The Really Big Fight This Week Was D vs R – a “Deathstroke #16” Review
Written by: James Bonny
Art by: Paolo Pantalena
Colors by: Arif Prianto
Deathstroke is an interesting premise as an ongoing stand-alone comic. I guess because DC found some success with Sinestro, it was appropriate to take a similar whack at another fan favorite villain in DC’s menagerie. As I mentioned last month, writer James Bonny has not been given an envious task. Not having Tyler Kirkham on art does not help this month, either.
As we saw at the end of last issue, Red Hood is the guest hero/villain this issue. Deathstroke is one of those comics that is following the guest-of-the-month pattern, or at least nearly so, but that is not a problem. It’s a neat schtick to see new anti-hero Slade Wilson partner up (or fight) a different DC hero or villain each month. It’s typically with someone that you would not expect to come across ‘Stroke’s path short of him being out on a hit to take them down permanently. This month, the roles are reversed and it’s Jason Todd who has been given some scratch to put the hurt on our man in orange and black.
I’ve been slowly becoming a big fan of the Red Hood. I was not down with him when he was pulling his Punisher bit. But since he’s (moderately) reformed, I think the take on his character is pretty awesome. And he keeps showing up in some of the most interesting arcs in books that have been otherwise not so curiosity piquing. Bonny does an excellent job here of crafting a story showing that Todd is Wilson’s near-equal. It’s great to see Jason hold his own against a DC villain that has gone toe-to-toe with the Justice League (minus the trinity) and almost defeated them. While there is a lot of chatter during the fight, it is not overly camp, although Red Hood exudes confidence like a heavyweight champion. Things here are deathly serious as one would think it would be in a book about the greatest mercenary ever known. I was not entirely clear how much Slade was supposed to know about the Hood, and it appears that he does not realize that Todd was trained by Batman. The story moves along at a brisk pace, and we get much of the inner monologue of Wilson voicing his strange version of honor. An interesting writing choice is that Deathstroke’s inner voice, that voice that gives exposition of his thoughts, is the only one that you read in the story. We become intimately familiar with Slade Wilon’s thoughts, but no one else’s. It’s a good device and hopefully we’ll continue to see more.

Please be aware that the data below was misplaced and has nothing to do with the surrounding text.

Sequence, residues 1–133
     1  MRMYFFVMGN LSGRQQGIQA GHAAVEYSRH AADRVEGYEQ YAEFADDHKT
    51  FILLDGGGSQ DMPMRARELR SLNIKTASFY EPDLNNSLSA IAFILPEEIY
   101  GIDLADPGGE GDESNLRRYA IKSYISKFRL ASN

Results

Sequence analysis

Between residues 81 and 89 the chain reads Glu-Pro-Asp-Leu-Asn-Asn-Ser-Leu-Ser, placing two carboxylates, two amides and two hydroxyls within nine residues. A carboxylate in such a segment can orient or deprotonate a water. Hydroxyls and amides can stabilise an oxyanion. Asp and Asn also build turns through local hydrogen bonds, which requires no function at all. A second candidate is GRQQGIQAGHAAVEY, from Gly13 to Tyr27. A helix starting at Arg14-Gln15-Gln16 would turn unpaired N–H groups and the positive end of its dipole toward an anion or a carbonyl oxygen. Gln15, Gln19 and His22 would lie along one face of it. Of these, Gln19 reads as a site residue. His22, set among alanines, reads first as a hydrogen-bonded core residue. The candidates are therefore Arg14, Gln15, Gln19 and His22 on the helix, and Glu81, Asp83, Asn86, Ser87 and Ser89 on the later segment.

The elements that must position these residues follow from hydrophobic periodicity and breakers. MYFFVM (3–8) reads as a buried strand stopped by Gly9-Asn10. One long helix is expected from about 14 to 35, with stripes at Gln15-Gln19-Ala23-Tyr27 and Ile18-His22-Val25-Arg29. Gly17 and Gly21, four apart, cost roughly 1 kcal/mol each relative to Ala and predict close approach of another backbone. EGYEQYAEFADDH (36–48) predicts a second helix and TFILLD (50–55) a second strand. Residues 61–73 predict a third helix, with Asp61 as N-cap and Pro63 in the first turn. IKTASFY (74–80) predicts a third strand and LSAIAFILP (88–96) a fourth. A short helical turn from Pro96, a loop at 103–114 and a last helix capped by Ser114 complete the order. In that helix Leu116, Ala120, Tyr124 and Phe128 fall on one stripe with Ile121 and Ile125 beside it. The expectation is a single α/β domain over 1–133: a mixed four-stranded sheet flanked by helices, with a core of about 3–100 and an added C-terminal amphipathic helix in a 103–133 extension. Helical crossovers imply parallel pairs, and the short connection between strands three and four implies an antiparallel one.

The artwork this month is where the wheels came off the train. Ever-so-slightly, but it happened nonetheless. First out of the gate, Jason showed up at the end of last issue wearing the Hood mask/helmet that just has the eyes. At the opener of this month’s issue, it’s the mask with the lips. Besides the fact that I just prefer the other one, it’s a jarring bit of discontinuity to go from last issue to this one with the lips. Still, initially I was digging the change in art-style, until I realized that Deathstroke and Red Hood looked a bit too much like Transformers, and then observed that the book had a decidedly eastern feel to it. Character likenesses started to feel a bit too much like Streetfighter. That style and that kind of character modeling are fine; I just did not expect it. Between last month’s issue with Kirkham’s art in the interior and Kirkham still doing this month’s cover, I was looking for something a bit more akin to a Batman book. Pantelena’s art certainly appeals to a certain type of comic book reader; I’m just not one of them. I found the art distracting and tonally out-of-sync with the story.
Still, Deathstroke #16 is a pretty fun roller-coaster ride. And there were several moments that had me holding my breath. Regardless of my feelings on the artwork, Deathstroke vs Red Hood is a fight that I’ll pay to see any day, and this one did not disappoint. The fight was also well-choreographed. There may have been one panel where I was like, “How they hell did they get there from the last panel?”, but just one is no crime. Things are going pretty well for this series. Deathstroke was canceled in a previous ongoing back in 2013, I believe. I have not heard any word of this title being shaken out in the midst of the Rebirth announcements. Let’s hope that remains true.